Our proposed method can be applied fully to the third Gaia data release scheduled for18 2017/2018. This release will include the five-parameter astrometric solutions as well as the object classification (necessary to eliminate contaminant extra-Galactic objects) and astrophysical parameters such as , necessary for filtering out foreground dwarfs. Preliminary searches could be conducted using earlier releases; e.g. with the first data release in summer 2016, using only on sky coordinates; or with the second data release in early 2017, using full sky and proper motion information, yet without the possibility of using the foreground filters as explained here, since astrophysical parameters will not yet be available.

Finally, there is the future possibility that the Gaia magnitude limit will be pushed down to . This will obviously be positive in terms of the number of observable stars in each UFDG, but will also increase the foreground/background contamination, so the effect in the detection probabilities will have to be assessed.

Acknowledgments

We thank V. Belokurov, the referee, for a thorough review and insightful comments on the original manuscript. TA is supported by an ESA Research Fellowship in Space Science. CM acknowledges support from a post-doctoral fellowship of DGAPA-UNAM, Mexico. CM and LA acknowledge support from DGAPA/UNAM grant IG100115 and the hospitality and support of the University of Barcelona during part of this investigation. FF acknowledge support from MINECO (Spanish Ministry of Economy) - FEDER through grant AYA2012-39551-C02-01 and ESP2013-48318-C2-1-R, and from the European Community’s Seventh Framework Programme (FP7/2007-2013) under grant agreement GREAT-ITN FP7 264895. We thank the CEA and Nice Observatory for the MR software. We thank Merce Romero-Gomez and GaiaUB team for the code to simulate Gaia errors.

Footnotes

  1. pagerange: Detection of satellite remnants in the Galactic Halo with Gaia – III. Detection limits for Ultra Faint Dwarf GalaxiesDetection of satellite remnants in the Galactic Halo with Gaia – III. Detection limits for Ultra Faint Dwarf Galaxies
  2. pubyear: 2007
  3. We compute the escape velocity as , with km s and kpc.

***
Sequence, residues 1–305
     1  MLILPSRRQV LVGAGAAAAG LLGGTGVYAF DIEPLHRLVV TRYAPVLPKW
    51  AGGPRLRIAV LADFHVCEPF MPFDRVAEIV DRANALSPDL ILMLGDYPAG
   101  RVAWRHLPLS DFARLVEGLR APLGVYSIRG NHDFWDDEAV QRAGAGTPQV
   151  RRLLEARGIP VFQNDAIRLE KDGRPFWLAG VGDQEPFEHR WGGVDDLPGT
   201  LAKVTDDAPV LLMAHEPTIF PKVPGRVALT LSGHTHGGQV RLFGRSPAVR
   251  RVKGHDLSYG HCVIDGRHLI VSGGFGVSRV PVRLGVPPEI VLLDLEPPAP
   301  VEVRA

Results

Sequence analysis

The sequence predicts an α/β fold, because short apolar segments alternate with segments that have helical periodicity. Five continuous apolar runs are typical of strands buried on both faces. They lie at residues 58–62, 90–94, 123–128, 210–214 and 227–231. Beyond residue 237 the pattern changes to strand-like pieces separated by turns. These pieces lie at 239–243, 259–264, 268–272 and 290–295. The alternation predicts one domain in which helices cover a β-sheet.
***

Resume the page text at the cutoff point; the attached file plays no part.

4. http://www.cosmos.esa.int/web/gaia/dpac (Mignard et al. 2008)
  5. In what follows, we always work with fields. To cover the same solid angle, regardless of latitude, we have converted the Galactic longitude of the stars , to , where and are the longitude and latitude of the center of the field, respectively. For simplicity, we use instead of hereafter.
  6. After the cuts in parallax and surface gravity (see Section 2.4), these fractions become 54, 5 and 41 per cent, respectively. The relative increase of unresolved systems is because we are selecting large distances and giant stars (dwarf stars have been removed), which have higher binary fractions.
  7. The code was released at the Gaia Challenge Workshop and is publicly available at https://github.com/mromerog/Gaia-errors
  8. http://www.cosmos.esa.int/web/gaia/science-performance
  9. http://www.cosmos.esa.int/web/gaia/table-6
  10. The SFH assumed in the stellar population model is reasonably representative of the SFH of known UFDGs. For simplicity we assume the same model for the classical dwarfs to get a rough estimate of , although these have very different SFHs.
  11. The SDSS survey is mag deeper comparing the and bands, or between 1 and mag deeper comparing the and bands. This is estimated by taking the two extreme colours of the stars in our simulated UFDGs, that is 0.25 and 1.5, and convert these to and colours following Jordi et al. (2010).
  12. The Galactic sources in GUMS are actually foreground and background stars. We use hereafter “background” for simplicity.
  13. Do not confuse this probability for the combined sky and proper motion planes , with the wavelet probability WP used in Section 3.1
  14. The last condition is required in order to select only over-densities but not under-densities.
  15. Note also that UFDGs with the same or (apparent “surface” density) do not have the same significance.
  16. Remember that this is not a cross section as in Fig. 9.
  17. Note that in the top panel the minimum found was 5.
  18. http://www.cosmos.esa.int/web/gaia/release